Photo Flood 120: Portage Des Sioux

photo by Susan Price

Portage Des Sioux is a quaint, historic village of around 300 residents, along the Mississippi River in Missouri. The community is the location of the Our Lady of the Rivers Shrine, where the annual Blessing of the Fleet Festival occurs, and was site to the Treaties of Portage Des Sioux, which effectively ended the War of 1812 and secured the way forward for the forced removal of Native Americans from their ancestral lands.

photo by Maureen Minich

photo by Caren Libby

 

photo by Diana Linsley

 

photo by Daniel Yaroschevsky

Portage Des Sioux’s name derives from the fact that the land east of town forms a peninsula between the Mississippi River on the north and east and the Missouri River on the south. The Sioux (and presumably other tribes) understood that by portaging their watercraft at this location, and traveling south roughly 2.5 miles, this would save them over 25 miles of paddling upon the water. It is also thought that Native Americans used this overland route to evade European pursuers during regional skirmishes. Unfortunately, those Native Americans were unable to evade the onslaught of American settlers forever.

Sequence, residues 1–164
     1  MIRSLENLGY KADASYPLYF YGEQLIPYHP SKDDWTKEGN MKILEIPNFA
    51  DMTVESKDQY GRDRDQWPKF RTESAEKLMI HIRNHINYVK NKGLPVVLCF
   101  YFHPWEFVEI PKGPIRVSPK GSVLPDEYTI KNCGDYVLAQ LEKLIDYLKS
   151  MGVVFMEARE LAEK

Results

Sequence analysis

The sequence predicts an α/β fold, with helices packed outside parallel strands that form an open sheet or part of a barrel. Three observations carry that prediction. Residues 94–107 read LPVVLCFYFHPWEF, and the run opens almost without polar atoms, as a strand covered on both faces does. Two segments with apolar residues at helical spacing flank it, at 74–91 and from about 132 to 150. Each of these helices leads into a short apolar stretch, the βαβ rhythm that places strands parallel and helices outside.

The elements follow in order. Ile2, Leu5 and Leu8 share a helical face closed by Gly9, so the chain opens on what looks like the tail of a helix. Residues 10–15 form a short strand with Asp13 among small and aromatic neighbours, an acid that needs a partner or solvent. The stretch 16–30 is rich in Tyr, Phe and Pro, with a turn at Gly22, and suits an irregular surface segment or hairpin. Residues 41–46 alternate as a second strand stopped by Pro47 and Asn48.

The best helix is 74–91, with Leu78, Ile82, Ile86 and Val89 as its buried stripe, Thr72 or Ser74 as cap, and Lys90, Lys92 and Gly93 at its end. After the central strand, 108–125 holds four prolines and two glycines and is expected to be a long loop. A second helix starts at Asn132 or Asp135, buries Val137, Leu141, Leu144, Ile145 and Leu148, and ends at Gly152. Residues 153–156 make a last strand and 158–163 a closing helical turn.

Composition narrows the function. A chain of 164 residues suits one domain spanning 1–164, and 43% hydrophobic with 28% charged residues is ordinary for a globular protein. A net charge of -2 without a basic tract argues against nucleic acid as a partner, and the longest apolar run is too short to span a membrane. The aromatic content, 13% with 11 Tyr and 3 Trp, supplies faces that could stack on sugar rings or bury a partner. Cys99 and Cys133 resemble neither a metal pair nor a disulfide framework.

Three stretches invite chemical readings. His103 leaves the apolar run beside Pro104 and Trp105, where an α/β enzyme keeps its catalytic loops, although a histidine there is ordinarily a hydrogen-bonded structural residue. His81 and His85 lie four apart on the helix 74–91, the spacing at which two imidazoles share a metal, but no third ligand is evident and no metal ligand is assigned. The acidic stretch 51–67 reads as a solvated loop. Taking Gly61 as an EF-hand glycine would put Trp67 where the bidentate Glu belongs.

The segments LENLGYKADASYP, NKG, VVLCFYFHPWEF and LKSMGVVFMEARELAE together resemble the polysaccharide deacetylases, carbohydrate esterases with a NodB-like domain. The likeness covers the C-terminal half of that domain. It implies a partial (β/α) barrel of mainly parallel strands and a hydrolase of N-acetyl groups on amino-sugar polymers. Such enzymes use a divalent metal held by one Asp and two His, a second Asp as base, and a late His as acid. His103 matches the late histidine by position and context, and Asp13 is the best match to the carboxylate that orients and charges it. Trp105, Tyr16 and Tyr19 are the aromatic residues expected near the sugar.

Primarily, the War of 1812 was a war between the United States and Great Britain, with major battles mostly won or lost at military forts on the east coast and in the deep south. In fact, this War was the source of the American National Anthem, with its “bombs bursting in air” having occurred during a British naval onslaught on Fort McHenry in Baltimore’s harbor. Secondarily, however, the War of 1812 was a frontier struggle between an indigenous confederation of tribes on the verge of nationhood and American settlers pushing the boundaries of their country’s claim further and further west. The 1814 Treaty of Ghent officially ended the War, and outlined that peace be re-established with those Native Americans involved in the fighting.